Students will receive a follow-up session after the research to help them process their experiences and prepare for writing the report.

Knowledge and understanding

  • Knowledge of the landscape for humanitarian interventions in Less Developed Countries (LDCs) with regards to conflict and displacement;
  • Critical understanding of the way theory influences humanitarian interventions, practices and outcomes;
  • Knowledge and understanding of the challenges of humanitarian response in a LDC

Intellectual skills

  • Ability to competently identify and analyse selected humanitarian concepts and practices related to displacement and conflict and to evaluate their effectiveness;
  • Skills to deploy approaches, concepts, methods and theories of humanitarianism to help explain the 'real-world' scenarios;
  • Ability to explain the distinctive humanitarian experience of Uganda and the lessons we can draw from it.

Practical skills

  • Plan, develop and execute a research project of humanitarianism in practice;
  • Interrogate the ethics of research work in a fragile setting. Apply research skills learned in the Research and Evaluation Methods course unit to a real context.
  • Demonstrate an ability to translate theory into practice.

Transferable skills and personal qualities

  • Understand how to translate theory and policy into a practical resource available for public consumption;
  • Ability to interact and effectively communicate with various actors (donor agencies, policy makers, fellow professionals and lay communities) at various levels (local, district, national international) in Uganda;
  • Team working skills especially: leadership skills; ability to organise oneself and others to accomplish tasks; sharing knowledge and managing differences.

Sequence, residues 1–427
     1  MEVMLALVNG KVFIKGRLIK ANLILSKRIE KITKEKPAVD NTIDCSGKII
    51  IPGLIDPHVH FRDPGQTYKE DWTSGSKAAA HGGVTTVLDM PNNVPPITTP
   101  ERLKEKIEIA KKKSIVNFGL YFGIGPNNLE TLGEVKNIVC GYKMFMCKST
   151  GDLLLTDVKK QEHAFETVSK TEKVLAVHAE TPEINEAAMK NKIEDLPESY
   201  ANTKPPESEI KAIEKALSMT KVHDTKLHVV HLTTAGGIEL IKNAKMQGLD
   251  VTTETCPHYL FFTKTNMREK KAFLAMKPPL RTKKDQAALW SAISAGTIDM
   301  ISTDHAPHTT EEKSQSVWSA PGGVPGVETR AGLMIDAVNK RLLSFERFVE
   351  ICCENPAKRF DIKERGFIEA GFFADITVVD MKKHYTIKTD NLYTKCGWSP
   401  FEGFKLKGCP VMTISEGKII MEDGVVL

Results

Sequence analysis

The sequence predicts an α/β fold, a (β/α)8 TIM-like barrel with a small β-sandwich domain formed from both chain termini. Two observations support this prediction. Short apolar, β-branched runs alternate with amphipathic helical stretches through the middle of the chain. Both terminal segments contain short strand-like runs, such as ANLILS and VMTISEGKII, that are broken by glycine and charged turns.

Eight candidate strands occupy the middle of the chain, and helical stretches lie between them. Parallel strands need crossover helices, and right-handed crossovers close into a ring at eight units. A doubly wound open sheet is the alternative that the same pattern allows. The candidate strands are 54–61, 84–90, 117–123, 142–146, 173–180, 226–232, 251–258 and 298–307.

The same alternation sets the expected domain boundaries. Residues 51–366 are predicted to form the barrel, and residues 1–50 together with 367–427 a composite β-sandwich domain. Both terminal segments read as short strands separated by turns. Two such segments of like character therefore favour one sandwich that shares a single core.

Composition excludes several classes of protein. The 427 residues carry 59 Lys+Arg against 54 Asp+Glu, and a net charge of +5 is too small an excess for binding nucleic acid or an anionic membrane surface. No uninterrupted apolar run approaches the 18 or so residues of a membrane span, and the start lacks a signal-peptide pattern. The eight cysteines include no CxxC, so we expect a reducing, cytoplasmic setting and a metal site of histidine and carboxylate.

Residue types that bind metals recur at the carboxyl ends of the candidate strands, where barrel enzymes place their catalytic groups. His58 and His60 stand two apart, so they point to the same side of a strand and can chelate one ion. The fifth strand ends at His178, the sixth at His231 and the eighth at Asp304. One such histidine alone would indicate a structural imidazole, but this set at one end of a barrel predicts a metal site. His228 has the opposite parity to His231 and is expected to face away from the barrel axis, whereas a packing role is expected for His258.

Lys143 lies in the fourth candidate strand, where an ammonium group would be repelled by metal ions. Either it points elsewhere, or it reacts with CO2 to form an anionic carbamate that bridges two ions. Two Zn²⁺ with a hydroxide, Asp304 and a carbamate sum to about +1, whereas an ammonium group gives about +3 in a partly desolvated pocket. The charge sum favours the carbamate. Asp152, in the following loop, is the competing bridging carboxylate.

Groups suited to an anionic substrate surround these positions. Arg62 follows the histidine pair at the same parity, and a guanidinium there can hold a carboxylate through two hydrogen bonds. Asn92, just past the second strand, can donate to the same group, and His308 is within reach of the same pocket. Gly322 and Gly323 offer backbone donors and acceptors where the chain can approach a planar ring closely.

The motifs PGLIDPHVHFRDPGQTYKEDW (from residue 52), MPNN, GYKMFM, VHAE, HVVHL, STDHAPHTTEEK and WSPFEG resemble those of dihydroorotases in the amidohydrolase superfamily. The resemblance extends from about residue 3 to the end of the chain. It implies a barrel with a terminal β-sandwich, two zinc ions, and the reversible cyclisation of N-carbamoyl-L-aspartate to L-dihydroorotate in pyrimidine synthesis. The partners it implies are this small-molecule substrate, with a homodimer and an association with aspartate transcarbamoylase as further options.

• Translating research experiences and academic knowledge into a media output

Employability skills

The module prepares students for working in complex settings. They will gain much needed research skills specific to the context of displacement. Further, they will gain an in-depth understanding of refugees and IDPs in the East African context. Finally, students will develop an ability to understand how academic work relates to practice and interrogate the politics of humanitarian assistance. This will be demonstrated through the final assessment which asks students to translate academic work into a reflection of displacement in Uganda.

Assessment methods

Assessment Task

Formative or Summative


Critical literature review



Live radio show presentation




Feedback methods

  • Oral feedback on individual research idea presentations
  • Written feedback on assessment 1 and 2
  • Additional one-to-one feedback (during consultation hour or by making an appointment)

Recommended reading

Apte, A. (2010) Humanitarian Logistics: A New Field of Research and Action, Now Publishers: Delft.

Barrett, C. and Cason, J. W. (2010) Overseas Research: A Practical Guide, Routledge.

Bebbington, A., Hickey, S. and Mitlin, D. (eds), (2008) Can NGOs make a difference? Zed Press: London.

Binns, T. ‘Doing fieldwork in developing countries: Planning and logistics’, (2010) in Desai and Potter (eds) Doing Development Research, Sage: London.

Black, R. (2003) Ethical Codes in Humanitarian Emergencies: From Practice to Research?’, Disasters, 27:2, 97-108.

Cramer, C., Hammer, L. and Pottier, J. (eds) (2011) Researching Violence in Africa: Ethical and Methodological Challenges, Brill: Leiden.

Gosling, L. and Edwards, M. (2003) Toolkits: A Practical Guide to Planning, Monitoring, Evaluation and Impact Assessment, Save the Children: London.

Hammett, D., Twyman, C. and Graham, M. (2014) Research and Fieldwork in Development, Routledge: London.

National Research Council, Research Ethics in Complex Humanitarian Emergencies: Summary of a Workshop, National Academy Press: Washington, D.C.

Skinner, R. and Lester, A. (2012) Humanitarianism and Empire: New Research Agendas’ The Journal of Imperial and Commonwealth History, 40: 5.

Sultana, F. (2007) ‘Reflexivity, Positionality and Participatory Ethics: Negotiating Fieldwork Dilemmas in International Research’, ACME: An International E-Journal for Critical Geographies, 6(3), 374-385.

Thomson, S., Ansoms, A. and Murison, J. (2013) Emotional and Ethical Challenges for Field Research in Africa, Palgrave Macmillan: Basingstoke.

Thorns, A., Chataway, J. and Wuyts, M. (1998) Finding out fast: Investigative skills for policy and development, Sage: London.

Study hours

Scheduled activity hours
Lectures 20
Independent study hours
Independent study 130

Teaching staff

Staff member Role
Jessica Hawkins Unit coordinator